G-SHOCK GA-2100 1A: Review

I’ve never owned a G-SHOCK. I have small hands and a relatively narrow 6.5” wrist – not the best place to put a large, chunky watch. And then the GA-2100 series caught my eye – and fit my wrist. Thanks to its Carbon Core Guard architecture, the GA-2100 is the thinnest analog-digital G-SHOCK’s ever made. It’s also a very affordable $99. Well, it was until sales of the “Casioak” went nuts . . .

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Barton Springs 656 Diver: Review

Dufrane Diver (courtesy thetruthaboutwatches.com)

“There are things that rise above themselves to assume iconic stature,” Betty Cornfeld and Owen Edwards write. “These things are simple, ageless, yet mythic things that possess quintessence.” In their book by that name, the authors posit that the Steinway piano, Oreo cookie and Stetson hat qualify as quintessential. Add the Dufrane Barton Springs 656 Diverto that list . . .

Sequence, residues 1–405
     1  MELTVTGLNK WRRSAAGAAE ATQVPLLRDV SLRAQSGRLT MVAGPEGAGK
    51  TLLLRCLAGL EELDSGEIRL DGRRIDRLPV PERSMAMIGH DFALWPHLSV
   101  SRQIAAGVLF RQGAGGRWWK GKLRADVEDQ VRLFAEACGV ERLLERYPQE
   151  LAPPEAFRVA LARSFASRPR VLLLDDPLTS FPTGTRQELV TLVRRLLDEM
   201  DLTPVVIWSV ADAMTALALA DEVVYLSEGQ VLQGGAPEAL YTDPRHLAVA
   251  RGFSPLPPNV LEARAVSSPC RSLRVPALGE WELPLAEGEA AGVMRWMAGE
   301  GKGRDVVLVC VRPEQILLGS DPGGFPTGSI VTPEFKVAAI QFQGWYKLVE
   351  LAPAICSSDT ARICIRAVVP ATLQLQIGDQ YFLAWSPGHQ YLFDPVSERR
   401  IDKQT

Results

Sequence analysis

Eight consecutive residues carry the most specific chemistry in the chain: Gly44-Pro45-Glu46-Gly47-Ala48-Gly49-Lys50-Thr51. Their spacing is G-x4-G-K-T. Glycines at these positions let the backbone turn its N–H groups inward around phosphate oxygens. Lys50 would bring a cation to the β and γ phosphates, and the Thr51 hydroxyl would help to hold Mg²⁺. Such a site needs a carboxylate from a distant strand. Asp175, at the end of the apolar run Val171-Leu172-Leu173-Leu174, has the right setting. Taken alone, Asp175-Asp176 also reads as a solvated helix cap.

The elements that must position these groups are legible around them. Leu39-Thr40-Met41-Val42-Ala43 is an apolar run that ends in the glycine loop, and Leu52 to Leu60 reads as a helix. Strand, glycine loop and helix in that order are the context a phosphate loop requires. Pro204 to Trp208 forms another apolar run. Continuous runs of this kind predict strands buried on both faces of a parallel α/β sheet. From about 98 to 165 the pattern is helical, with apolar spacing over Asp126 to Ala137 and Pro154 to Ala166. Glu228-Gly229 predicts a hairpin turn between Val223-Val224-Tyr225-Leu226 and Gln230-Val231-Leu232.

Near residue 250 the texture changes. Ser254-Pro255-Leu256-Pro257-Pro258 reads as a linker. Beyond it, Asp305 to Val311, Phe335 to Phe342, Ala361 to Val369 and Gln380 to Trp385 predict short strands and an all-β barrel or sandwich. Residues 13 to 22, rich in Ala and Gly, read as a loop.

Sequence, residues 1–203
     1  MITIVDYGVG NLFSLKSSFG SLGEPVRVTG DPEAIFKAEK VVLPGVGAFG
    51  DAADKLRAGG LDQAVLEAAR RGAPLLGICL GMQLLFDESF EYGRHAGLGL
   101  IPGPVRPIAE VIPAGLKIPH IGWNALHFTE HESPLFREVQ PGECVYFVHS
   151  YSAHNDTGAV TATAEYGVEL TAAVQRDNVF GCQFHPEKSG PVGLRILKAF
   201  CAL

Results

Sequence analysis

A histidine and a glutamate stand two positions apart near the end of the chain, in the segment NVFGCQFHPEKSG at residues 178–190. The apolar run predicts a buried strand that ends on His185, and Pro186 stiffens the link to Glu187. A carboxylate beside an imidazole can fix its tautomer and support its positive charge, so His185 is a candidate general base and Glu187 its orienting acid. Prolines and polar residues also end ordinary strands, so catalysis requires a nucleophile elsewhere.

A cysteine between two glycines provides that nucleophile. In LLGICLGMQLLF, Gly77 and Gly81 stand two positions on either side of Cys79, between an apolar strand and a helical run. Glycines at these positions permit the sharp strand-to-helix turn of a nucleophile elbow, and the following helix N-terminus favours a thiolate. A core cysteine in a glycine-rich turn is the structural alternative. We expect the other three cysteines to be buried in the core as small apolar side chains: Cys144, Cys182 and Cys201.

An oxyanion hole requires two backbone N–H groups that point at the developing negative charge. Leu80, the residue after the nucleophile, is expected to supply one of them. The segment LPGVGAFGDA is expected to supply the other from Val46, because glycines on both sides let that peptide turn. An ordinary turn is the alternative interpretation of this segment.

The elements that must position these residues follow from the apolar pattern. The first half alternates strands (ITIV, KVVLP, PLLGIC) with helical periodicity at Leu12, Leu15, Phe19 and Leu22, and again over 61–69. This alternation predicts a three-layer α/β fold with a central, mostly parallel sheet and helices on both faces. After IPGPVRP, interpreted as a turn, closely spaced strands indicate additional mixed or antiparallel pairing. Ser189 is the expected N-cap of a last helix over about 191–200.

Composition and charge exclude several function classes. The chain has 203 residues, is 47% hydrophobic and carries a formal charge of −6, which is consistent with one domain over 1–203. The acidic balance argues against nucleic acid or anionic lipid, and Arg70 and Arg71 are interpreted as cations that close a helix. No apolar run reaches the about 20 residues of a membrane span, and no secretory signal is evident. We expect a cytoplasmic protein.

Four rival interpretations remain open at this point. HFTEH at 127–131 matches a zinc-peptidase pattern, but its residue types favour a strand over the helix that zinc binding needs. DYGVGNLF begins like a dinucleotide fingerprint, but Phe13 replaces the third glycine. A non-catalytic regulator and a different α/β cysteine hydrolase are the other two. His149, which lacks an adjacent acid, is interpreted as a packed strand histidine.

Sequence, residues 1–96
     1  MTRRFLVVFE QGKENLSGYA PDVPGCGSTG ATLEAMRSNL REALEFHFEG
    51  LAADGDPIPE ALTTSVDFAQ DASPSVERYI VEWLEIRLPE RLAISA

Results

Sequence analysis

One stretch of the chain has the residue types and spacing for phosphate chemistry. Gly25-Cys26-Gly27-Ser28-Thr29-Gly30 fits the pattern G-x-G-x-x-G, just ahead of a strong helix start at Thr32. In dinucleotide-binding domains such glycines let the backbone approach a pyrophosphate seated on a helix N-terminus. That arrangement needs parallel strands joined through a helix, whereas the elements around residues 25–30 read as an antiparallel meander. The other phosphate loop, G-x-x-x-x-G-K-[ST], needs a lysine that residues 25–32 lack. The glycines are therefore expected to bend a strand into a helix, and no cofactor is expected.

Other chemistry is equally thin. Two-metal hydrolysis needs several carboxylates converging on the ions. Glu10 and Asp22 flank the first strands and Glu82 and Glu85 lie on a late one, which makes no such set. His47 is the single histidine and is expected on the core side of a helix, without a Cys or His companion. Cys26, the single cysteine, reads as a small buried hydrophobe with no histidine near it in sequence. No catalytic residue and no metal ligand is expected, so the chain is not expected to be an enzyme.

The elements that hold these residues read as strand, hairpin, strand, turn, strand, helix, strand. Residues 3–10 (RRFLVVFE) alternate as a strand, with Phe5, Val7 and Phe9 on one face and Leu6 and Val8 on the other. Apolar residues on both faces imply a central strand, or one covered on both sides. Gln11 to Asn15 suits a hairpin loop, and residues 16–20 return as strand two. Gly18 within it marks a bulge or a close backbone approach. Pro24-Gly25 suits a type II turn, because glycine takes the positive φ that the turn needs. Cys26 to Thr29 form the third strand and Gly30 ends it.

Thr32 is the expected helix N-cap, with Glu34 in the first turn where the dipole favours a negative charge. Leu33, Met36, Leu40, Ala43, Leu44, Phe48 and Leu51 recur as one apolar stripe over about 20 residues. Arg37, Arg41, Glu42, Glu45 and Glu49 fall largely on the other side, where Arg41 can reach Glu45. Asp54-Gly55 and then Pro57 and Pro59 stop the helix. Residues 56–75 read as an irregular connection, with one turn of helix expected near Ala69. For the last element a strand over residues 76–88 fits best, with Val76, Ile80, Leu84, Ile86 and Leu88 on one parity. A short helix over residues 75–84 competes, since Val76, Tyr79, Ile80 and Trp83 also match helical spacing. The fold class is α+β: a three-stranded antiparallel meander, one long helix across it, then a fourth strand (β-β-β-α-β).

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Tudor Black Bay 41: Review

Let's face it: the Tudor Black Bay 41 is endlessly elegant

Tudor, a Rolex for people who can’t afford a Rolex? That’s how the brand was born, and that’s how it remains. Only Tudor no longer advertises its association with Rolex. Or is that the other way ’round? Anyway, today’s “cut price” Tudor brand has to stand on its own. Does it? Is the Tudor Black Bay 41 a budget Rolex or its own thing? Let’s start by getting this out of the way . . . Continue reading “Tudor Black Bay 41: Review”